“If I had to choose between betraying my friend or my country, I hope I would have the courage to betray my country.” That was one of the first quotes Henry directed to his class at the National War College back in 2.01. Foreshadowing, much? He also lead a discussion with his students about “the greater good.” If only we knew then what we know now, I probably would’ve thrown something at the TV. It just goes to show that the writers had a clear and definitive path laid out, and followed it throughout the season. We may not understand week-to-week where the storyline is going, but they do. It’s slightly reassuring as a viewer. In Barbara, We Trust. That said, “the greater good” is one phrase I hope to leave behind in Season 2.

Like DJ Khaled, President Obama and the Yankees for much of the last decade, Elizabeth had a lot of wins during Season 1. Those were the days. Season 2 started with a win, but Secretary McCord wasn’t even allowed to enjoy a full episode of success before Craig Sterling slithered into the White House. Talk about a cancerous dude. Conrad hired Sterling without even consulting Elizabeth, a move that set the tone for their entire working relationship. From the start, Sterling couldn’t be bothered to even listen to Elizabeth’s perspective or suggestions, often simply waving her off like she was trying to sell him a set of knives. I’m still in awe that she never punched him. Lord knows I wanted to for both of us. Of course she managed to sever her tongue by biting it week after week, slam after slam, knowing she couldn’t stoop to his level, instead using wit and knowledge to outsmart him. Reason #456 why Elizabeth is a better person than I am. Elizabeth was quickly boxed out of the inner circle, an outsider to the Good Old Boys Club. I swear they had a secret handshake… which probably involved a middle finger and some bro back slaps. If there was one good thing that came out of Sterling breathing, it’s that he challenged Elizabeth, pushing her to look at alternate views she maybe wouldn’t have, forcing her to dig deep into her morals. Did she need it because work was getting stale? Not really, but I appreciate the opposition he brought, which allowed her to shine. There. I said something nice about Sterling.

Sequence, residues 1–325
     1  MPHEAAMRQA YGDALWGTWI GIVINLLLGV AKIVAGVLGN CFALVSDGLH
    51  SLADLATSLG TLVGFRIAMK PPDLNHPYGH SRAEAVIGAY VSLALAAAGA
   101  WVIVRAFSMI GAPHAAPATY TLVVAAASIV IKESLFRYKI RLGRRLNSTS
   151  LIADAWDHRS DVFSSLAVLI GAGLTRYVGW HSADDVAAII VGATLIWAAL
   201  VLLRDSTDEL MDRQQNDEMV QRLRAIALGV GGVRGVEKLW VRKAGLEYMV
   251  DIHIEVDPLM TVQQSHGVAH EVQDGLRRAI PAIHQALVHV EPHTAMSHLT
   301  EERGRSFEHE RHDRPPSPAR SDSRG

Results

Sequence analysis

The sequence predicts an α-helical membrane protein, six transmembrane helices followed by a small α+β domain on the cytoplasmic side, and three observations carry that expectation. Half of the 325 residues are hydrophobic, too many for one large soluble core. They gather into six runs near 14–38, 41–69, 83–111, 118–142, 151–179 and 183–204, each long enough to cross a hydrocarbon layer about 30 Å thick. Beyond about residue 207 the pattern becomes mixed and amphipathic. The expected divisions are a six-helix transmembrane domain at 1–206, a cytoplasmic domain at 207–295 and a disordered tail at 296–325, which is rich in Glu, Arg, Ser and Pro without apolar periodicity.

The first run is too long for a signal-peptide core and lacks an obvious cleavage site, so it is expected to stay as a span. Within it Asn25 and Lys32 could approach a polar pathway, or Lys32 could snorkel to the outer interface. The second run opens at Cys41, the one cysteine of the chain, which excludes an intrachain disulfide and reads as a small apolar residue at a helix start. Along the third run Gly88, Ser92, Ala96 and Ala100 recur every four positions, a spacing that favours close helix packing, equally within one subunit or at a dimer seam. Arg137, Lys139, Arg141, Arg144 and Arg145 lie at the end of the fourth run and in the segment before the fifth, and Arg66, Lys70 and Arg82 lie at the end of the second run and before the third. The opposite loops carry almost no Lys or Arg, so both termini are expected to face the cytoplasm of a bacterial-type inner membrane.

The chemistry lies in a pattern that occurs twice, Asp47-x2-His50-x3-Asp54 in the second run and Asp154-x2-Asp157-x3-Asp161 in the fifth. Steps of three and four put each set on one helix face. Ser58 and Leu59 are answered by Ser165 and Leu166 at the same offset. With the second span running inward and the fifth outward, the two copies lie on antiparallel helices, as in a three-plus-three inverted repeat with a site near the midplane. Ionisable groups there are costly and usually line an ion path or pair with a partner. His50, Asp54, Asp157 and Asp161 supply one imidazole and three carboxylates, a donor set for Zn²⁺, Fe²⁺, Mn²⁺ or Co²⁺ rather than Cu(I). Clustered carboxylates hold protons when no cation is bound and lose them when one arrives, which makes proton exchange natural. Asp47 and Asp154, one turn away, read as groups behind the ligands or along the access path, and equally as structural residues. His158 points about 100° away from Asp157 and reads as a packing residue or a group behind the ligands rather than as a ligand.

As much as Elizabeth wasn’t influenced by Sterling, Conrad was. I swear someone could’ve asked Conrad if he liked chocolate cake and he would’ve looked to Sterling for the answer. It was rough to watch him defer major foreign policy decisions to a guy he just met over someone he’s known for years and personally pleaded with to take the position. I often just wanted to hug Elizabeth… and thump Conrad’s and Sterling’s heads together. Somewhere halfway through Sterling’s tenure, Conrad found his sesame seed-sized balls and started making his own decisions. Of course they were decisions Elizabeth didn’t necessarily agree with, but at least he was finally starting to act Presidential. Or “Presidential.” As the season moved along, Conrad even stood alongside Elizabeth, figuratively and literally, as she faced foreign leaders, showing his support. The drastic change between keeping her in the dark about Sterling in 2.01 and asking her to be his running mate in 2.23 gives me whiplash. I’m still not a card-carrying member of the Conrad Fan Club, and I think he has miles to go before I’d consider him to be a successful leader, but he’s made baby steps. It’s also ironic that we started 2.01 with Vice President Delgado’s health (puking on a golf course) and ended with his health (the reason Elizabeth may assume that position).